3 Epiphany – January 22, 2023
This is a rather eventful passage from Matthew this morning. It starts out a bit ominously, with John in prison and Jesus withdrawing to what was considered the backwaters of Capernaum in Galilee – it was Gentile territory. This means that Jesus, beginning his ministry, does not go to some holy place, to some religious center. Instead, he withdraws to Galilee, heathen Galilee, a place where, according to Jewish belief, pure faith has been distorted.
This is not a quiet fishing spot. Capernaum is a bustling city. Commercial fishing amounts to big business here and from among the fishermen Jesus calls his first disciples.
And who are they? Two pairs of brothers. Peter and Andrew, James and John. Brothers who work shoulder to shoulder in the family business.
When Jesus saw Peter and Andrew fishing in the Sea of Galilee, he invited them, “Come, follow me.” Jesus then saw James and John fishing with their father Zebedee, and likewise called them. “They immediately left the boat and their father and followed him.”
Christ calls his disciples as they are, where they are. They do nothing to deserve his invitation. In today’s Gospel, we hear no account of the merits of these four, we hear only of his call. And Jesus still calls us today, here and now.
Jesus invited Peter, Andrew, James and John to a radical reorientation, because in his own person “the kingdom of God has arrived.”
Our reading from Isaiah this morning imagines people who stumble in the darkness living in the light. And the gospel “unveils” God’s dream that was made manifest in Jesus. Matthew writes that “Jesus began to preach, ‘Repent, for the kingdom of heaven is near'”. Those are the exact words that the wild and wooly John the Baptist preached in the parched desert of Judea and at the shores of the Jordan River. In Mark’s parallel account they’re also the very first words spoken by Jesus (1:15).
Daring to dream begins with changing directions.
To repent is not to feel bad, but to think differently. To repent doesn’t mean to grovel in self-hatred or pious sorrow. When we repent, we turn around, change directions, choose a different path. Repentance signals an abrupt end to life on auto-pilot or to business as usual.
We often think of repentance as a religious word with negative connotations, but, if you think about it, radical change is exactly what most of us long for. It’s something entirely positive. The gospel says that “large crowds” flocked to Jesus and his message of repentance. That’s also what happened with John’s “baptism of repentance.”
Jesus’ call to repentance is an invitation to healing. It asks God to end all that is old in us and to begin something new. The weak and the weary who know their deep needs and respond to this message have much to teach the strong and the powerful. There is a prayer from Arsenios, from the 5th century, that goes: “My God, do not abandon me. I have done nothing good before Thee, but grant me, in Thy compassion, the power to make a start.”
Notice that Jesus’s invitation to his first disciples was specific and particular, rooted in the language, culture, and vocation they knew best. What metaphor would make more sense to four fishermen than the metaphor of fishing for people? Simon and Andrew would have understood the nuances of that metaphor in ways that most of never will.
When Jesus called these fishermen to follow him, they understood the call as not a directive to leave their experience and intelligence behind, but to bring the best of their selves forward — to become even more fully and freely themselves.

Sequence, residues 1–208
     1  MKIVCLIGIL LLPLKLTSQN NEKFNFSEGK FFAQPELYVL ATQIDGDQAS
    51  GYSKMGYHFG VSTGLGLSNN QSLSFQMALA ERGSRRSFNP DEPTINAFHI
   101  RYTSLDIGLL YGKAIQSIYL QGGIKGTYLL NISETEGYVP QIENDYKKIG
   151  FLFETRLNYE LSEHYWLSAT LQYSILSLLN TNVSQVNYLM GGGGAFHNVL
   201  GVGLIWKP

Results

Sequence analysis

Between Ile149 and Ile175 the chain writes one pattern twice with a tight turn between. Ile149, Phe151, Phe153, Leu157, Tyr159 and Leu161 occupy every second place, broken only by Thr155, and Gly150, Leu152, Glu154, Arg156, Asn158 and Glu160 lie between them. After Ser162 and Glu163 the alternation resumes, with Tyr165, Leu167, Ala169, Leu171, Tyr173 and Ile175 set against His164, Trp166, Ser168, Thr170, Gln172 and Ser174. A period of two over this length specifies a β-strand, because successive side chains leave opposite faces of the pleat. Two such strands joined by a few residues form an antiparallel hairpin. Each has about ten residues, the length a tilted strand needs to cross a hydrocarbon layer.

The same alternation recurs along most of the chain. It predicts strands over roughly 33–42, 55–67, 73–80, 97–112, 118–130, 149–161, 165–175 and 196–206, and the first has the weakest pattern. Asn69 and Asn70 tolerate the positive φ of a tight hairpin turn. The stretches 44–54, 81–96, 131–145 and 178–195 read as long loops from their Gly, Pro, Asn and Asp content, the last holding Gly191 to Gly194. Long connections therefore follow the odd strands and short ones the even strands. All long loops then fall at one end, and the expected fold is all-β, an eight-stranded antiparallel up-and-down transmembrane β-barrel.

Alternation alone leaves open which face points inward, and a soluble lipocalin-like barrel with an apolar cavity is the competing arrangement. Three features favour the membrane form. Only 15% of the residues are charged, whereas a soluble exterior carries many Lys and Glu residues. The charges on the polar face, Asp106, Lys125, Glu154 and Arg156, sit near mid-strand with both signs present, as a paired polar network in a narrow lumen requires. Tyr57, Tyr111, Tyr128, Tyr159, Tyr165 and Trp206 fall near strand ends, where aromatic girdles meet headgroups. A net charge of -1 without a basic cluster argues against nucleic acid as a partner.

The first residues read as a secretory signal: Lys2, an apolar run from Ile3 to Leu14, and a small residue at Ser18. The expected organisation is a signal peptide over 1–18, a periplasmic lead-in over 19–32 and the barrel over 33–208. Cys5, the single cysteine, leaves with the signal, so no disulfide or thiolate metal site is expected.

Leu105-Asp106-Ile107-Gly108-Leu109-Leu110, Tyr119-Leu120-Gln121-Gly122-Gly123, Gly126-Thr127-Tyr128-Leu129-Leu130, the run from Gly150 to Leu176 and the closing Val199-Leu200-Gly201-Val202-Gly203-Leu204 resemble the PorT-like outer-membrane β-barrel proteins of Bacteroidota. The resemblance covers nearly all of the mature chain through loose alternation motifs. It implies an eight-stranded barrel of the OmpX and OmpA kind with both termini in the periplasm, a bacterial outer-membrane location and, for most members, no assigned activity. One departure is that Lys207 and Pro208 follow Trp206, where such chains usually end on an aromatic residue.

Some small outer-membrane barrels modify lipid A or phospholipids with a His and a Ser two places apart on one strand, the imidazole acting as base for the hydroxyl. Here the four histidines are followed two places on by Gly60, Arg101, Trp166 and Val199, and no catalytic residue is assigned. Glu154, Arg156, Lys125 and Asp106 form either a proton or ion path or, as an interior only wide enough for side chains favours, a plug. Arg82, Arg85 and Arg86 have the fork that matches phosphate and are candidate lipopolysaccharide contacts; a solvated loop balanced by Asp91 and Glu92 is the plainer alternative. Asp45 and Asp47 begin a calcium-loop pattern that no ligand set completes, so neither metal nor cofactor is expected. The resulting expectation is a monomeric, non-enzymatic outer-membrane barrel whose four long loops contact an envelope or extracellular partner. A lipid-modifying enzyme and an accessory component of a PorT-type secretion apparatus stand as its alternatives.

Jesus comes to us, today, as we are, in our ordinary lives. Just like his first disciples. Surrender to Jesus isn’t only about renunciation. It’s about resurrection. It’s about abundant and authentic life. When Jesus promises to “make us,” it’s a commitment to nurture us, not a threat to sever us from all we love. It’s a promise rooted in gentleness and respect — not violence and coercion. It’s a promise that when we dare to let go, the things we relinquish might be returned to us in new and enlivened ways we couldn’t have imagined on our own.
Most importantly, it is a promise from God to us — not from us to God. As Barbara Brown Taylor so aptly puts it, the story of this Gospel is a miracle story. Jesus calls, and the four fishermen “immediately” follow. No hesitation, no questions asked. Is this because they’re men of superhuman courage or prophetic foreknowledge? Of course not. These are the same guys who later in the Gospels doubt, deny, and abandon Jesus. They’re as fallible and as ordinary as the rest of us, and their own volition can’t get them very far.
No, they immediately follow Jesus because Jesus makes it possible for them to do so. “This is not a story about us,” Taylor writes. “It is a story about God, and about God’s ability not only to call us but also to create us as people who are able to follow — able to follow because we cannot take our eyes off the one who calls us, because he interests us more than anything else in our lives, because he seems to know what we hunger for and because he seems to be food.”
The four men “immediately” left their nets and followed Jesus. In time, they made the Gospel their own, sharing its radical power through the details of their own lives and stories. The question for us is how do we make the gospel our own?
Remember, Jesus does not go to some perfect place in search of disciples. He goes instead to a questionable place; one whose wounds cry out for immediate attention. Jesus still comes to us in those places today, here and now. Will we follow Jesus? He is calling to you and to me, “come, follow me.” Amen.